Fall for the Blog: Bonnie Jo Campbell and Mary Kay Zuravleff

Fourth Estate follows events of the Fifteenth Annual Fall for the Book Festival through Fall for the Blog.

Fiction authors Mary Kay Zuravieff and Bonnie Jo Campbell write contrasting spins on the "American Dream." 

Angela Woolsey
(photo by John Irwin)


The room erupts in a chorus of giggles as Mary Kay Zuravleff reads aloud a passage from her latest book, Man Alive!. Revolving around a man who becomes obsessed with barbeque after surviving a lightning strike, the passage she reads from the novel is told through the point-of-view of the man’s wife and has reached a comical sex scene.


Fellow fiction author Bonnie Jo Campbell joins Zuravleff at a reading and craft talk for the 12th annual Fall for the Book Festival. This event, one of dozens taking place at Mason and other venues in the surrounding area, started at 6 p.m. Tuesday evening. Campbell started off by reading the first chapter of her novel Once Upon a River, which centers on a young girl named Margo growing up in Michigan. The book resonates with rich, immersive details and a strong sense of atmosphere and setting. It serves as a nice contrast to Zuravleff’s more conversational style and wry, observational humor.


When they finish their readings, the two authors take questions about their books and craft from the gathered audience. They exchange genial banter with each other as they describe their writing processes and offer advice on everything from doing research and figuring out when a specific work is finished to the importance of choosing the right title and book cover.


Normally a “dirty realist,” a label she says her agent gave her, Campbell discusses the challenges of attempting a more traditional, conventional style with Once Upon a River and how this influenced her goal of creating a mythic character with Margo. She thanks a friend for rectifying the missteps and false assumptions she made when describing guns and shooting, which are a vital component of her novel. When asked about the differences between writing a short-story and a novel, Campbell says, “Writing a short story is like dating a man. […]Writing a novel is like getting married.”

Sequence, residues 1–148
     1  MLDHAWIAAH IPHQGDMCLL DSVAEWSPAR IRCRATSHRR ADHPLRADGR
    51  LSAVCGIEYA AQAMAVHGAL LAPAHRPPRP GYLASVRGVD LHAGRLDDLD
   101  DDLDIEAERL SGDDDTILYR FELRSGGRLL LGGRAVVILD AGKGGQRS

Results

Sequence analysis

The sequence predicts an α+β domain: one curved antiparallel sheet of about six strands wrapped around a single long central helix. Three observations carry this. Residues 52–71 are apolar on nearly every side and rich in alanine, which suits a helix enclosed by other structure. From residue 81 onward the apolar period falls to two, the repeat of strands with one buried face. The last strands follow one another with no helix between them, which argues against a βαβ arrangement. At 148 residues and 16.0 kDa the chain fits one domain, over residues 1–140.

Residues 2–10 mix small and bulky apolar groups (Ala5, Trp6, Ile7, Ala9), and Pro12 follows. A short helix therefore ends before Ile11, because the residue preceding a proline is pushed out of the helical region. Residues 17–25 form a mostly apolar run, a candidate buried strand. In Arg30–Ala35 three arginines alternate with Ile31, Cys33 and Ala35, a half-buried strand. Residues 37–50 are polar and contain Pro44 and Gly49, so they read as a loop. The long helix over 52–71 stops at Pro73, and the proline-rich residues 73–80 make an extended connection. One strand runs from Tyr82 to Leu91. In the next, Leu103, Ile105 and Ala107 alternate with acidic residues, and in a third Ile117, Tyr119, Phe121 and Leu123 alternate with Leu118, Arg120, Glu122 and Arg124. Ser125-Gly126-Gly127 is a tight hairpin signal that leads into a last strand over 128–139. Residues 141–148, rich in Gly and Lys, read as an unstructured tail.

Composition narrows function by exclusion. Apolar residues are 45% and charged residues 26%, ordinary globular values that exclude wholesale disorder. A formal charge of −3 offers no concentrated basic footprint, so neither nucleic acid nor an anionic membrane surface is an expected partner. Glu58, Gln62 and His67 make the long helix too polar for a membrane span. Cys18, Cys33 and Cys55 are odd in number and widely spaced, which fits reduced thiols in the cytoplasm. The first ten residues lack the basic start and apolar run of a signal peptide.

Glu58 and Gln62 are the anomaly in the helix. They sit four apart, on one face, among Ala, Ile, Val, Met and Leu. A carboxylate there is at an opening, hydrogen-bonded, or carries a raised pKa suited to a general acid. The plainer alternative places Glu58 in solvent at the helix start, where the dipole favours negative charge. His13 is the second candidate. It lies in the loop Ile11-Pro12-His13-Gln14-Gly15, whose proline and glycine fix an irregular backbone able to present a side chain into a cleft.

In other words, short stories have a narrow focus on a singular incident and allow for some information to remain unexplained, whereas novels demand plausibility and close attention to all the minute details of a story.


Zuravleff explains that she got the idea for her book from an article, unspecified at the event, in The New Yorker. Zuravleff goes on to say that she often starts with a question, which, in this case, was what happens when someone no longer fits in or wants to be a part of their family? She balances the humorous and serious emotional themes of her work by realizing that humor can be found everywhere in real life, even the most mundane situations. Contrary to the claims of a review quoted during her introduction at the reading, she does not consider herself a comedic or satirical writer.


When the talk ends, the room hums with energy. Campbell and Zuravleff provided great insight into the art of writing through their readings and the Q&A session. The event was informative and enjoyable for both readers and aspiring writers alike. 


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